Photo by Patricia Esteve
A selection of Catalan sausage
“While not wishing in any way to belittle the culinary talents so lavishly bestowed by Providence upon the French, and so brilliantly cultivated by them, it should be observed that both housewife and restaurateur frequently lean heavily upon their local charcutiers…”
Elizabeth David, French Provincial Cooking
Ah, good old Liz. No doubt she ruffled a few feathers when she penned this little gem, but it’s no less true for that. I wonder how she would respond if she and I could sit down together today, and I was to tell her that I think the charcuterie is even better this side of the Pyrenees. I like to think she’d agree. Three times I visited France this summer, three times I came home more convinced than ever that if anyone knows a good sausage, it’s the Catalans.
The Spanish may have jamón all wrapped up, and I defy anyone to find a pork product superior to the pata negra de bellota of Huelva or Extremadura, but the variety of flavour, richness and succulence of Catalan embotits take some beating. At the time of year when our social lives exist more than ever for the pleasures of the table, what could be easier, or less stressful, than a board laden with a selection of local sausages, a wheel of cheese, some good olive oil, tomatoes and a loaf of crusty bread.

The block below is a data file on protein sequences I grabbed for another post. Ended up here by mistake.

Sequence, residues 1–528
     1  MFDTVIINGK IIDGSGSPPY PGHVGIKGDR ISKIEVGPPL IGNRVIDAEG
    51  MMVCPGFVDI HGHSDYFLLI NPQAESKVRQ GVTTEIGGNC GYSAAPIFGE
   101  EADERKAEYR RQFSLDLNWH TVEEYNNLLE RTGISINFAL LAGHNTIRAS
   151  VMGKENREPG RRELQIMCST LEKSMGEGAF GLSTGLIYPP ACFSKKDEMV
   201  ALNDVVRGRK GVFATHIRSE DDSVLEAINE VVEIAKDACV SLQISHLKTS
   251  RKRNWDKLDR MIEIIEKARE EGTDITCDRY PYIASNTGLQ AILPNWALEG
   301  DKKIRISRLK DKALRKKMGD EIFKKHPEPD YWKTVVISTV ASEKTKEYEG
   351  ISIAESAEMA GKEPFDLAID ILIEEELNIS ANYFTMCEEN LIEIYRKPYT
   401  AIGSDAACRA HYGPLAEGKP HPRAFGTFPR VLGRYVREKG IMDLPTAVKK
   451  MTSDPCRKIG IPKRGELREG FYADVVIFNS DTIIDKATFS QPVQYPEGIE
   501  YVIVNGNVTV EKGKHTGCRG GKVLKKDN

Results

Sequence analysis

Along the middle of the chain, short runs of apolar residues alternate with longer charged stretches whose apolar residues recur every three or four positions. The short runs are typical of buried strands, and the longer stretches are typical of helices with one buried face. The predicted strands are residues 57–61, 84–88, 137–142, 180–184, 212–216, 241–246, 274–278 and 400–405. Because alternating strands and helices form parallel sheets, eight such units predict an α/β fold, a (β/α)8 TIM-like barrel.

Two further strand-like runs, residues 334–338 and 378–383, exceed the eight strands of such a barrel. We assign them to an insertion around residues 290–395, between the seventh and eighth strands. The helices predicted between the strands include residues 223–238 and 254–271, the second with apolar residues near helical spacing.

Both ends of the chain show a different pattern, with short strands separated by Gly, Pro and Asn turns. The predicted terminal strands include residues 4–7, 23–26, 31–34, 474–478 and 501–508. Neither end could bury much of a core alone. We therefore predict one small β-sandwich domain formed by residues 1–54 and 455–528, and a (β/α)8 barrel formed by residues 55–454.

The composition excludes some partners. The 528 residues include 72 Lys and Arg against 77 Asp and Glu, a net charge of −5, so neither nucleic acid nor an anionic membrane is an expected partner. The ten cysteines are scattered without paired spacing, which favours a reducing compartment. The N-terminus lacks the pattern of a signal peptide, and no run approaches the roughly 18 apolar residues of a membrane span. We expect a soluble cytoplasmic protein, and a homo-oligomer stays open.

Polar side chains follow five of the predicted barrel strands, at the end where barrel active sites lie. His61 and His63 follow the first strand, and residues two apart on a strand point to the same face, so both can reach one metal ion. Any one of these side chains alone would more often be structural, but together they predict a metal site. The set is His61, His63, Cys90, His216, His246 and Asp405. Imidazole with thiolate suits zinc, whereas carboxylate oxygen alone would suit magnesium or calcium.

In Catalunya, you’ll find neatly tiled xarcuteries on every block of the cities, and scattered throughout the towns and villages of the region. Local markets have entire aisles dedicated to them where the butcher is as much the gourmand as a Michelin-starred chef. Vic is a market town about an hour north of Barcelona, nestled in front of the foothills of the Pyrenees. It’s also the spiritual home of Catalan charcuterie, which all aficionados, at some point or other in their lives, must gravitate towards. At the weekly Saturday market, you must now make the depressing trudge through forests of nylon knickers and plastic handbags to find the tiny corner still reserved for farmers selling fruit and vegetables, eggs and cheeses, mountain honey and baskets of wild mushrooms in season and, if you’re very lucky, a plump, prime sausage from the previous season’s matança (pig killing festival).